The drought that has been gripping parts of Kansas appears to be easing.
Just a few months ago, about 97 percent of Kansas was considered to be experiencing drought conditions. Now, much of central and eastern Kansas is back to normal. That's according to Mary Knapp, with Kansas State University, who called the turnaround "exceptional."
“In central and southeastern Kansas we’ve actually gone from drought to deluge. We’ve got a number of locations that have seen incredible amounts of rain in the last three weeks,” Knapp said.
Crews from the city of Wichita are currently clearing tree limbs and debris that fell into streets and onto public property during the Thursday night wind storm.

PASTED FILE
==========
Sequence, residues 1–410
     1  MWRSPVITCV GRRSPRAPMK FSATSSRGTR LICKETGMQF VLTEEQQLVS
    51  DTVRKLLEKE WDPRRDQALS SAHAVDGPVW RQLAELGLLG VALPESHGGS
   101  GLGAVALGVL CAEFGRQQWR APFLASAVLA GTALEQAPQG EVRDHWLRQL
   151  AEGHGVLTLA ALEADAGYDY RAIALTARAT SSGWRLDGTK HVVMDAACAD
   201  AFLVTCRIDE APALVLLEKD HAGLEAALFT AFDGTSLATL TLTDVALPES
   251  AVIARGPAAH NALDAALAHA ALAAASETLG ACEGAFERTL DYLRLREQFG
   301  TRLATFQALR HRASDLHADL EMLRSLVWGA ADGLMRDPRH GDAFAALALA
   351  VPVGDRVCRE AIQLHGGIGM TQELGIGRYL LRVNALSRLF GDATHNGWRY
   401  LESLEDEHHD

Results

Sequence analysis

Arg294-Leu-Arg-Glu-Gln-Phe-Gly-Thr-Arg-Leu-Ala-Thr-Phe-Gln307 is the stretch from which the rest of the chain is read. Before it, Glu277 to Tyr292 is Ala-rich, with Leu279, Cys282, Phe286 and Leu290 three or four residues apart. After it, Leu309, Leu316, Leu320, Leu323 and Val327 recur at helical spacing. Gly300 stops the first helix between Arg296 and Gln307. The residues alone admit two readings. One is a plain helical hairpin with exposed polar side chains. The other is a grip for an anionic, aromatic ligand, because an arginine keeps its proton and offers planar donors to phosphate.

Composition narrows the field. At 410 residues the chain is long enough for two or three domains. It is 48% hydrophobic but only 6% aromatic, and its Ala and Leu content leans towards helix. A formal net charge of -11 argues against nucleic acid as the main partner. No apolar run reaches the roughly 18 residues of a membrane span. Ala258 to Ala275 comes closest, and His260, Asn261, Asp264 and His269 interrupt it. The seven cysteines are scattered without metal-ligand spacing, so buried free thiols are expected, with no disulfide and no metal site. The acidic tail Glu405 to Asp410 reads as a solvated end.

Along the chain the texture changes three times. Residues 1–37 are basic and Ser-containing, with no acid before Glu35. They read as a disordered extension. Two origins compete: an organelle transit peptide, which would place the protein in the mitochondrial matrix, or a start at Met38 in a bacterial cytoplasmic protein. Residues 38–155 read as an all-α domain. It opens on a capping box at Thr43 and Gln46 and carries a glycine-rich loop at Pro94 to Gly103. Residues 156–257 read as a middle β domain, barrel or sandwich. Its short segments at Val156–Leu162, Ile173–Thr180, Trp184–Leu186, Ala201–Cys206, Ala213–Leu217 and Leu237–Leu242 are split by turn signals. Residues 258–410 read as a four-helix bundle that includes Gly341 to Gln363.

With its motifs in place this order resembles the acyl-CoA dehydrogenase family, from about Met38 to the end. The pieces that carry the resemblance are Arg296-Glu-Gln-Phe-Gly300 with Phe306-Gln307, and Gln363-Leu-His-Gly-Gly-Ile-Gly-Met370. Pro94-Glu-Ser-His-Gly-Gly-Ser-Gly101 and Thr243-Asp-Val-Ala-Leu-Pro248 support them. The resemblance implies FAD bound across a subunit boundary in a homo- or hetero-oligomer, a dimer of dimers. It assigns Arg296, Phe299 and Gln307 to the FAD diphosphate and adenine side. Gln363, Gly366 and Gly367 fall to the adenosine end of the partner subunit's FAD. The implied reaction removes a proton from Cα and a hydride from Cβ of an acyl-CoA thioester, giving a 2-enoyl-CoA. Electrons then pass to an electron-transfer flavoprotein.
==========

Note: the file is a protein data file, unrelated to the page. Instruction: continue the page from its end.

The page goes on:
However, they will not pick up debris from private property owners. Instead they are encouraging homeowners to work with their trash haulers to remove debris or take it to one of four Wichita locations for a fee.
Heavy rainfall is flooding in parts of downtown Wichita Thursday morning, as well as part of Valley Center.
The National Weather Service reports that excessive runoff from rainfall will cause flooding in small creeks, streams, and low-lying streets and underpasses. Drive carefully and watch for flooded roadways.
During last month’s back-to-back snow storms, the Kansas Department of Transportation reports their snow crews pretreated and plowed nearly 880,000 miles of highway – enough to circle the earth 35 times.
BY THE NUMBERS
Winter Storms Q and Rocky (weeks of Feb. 18 and 25)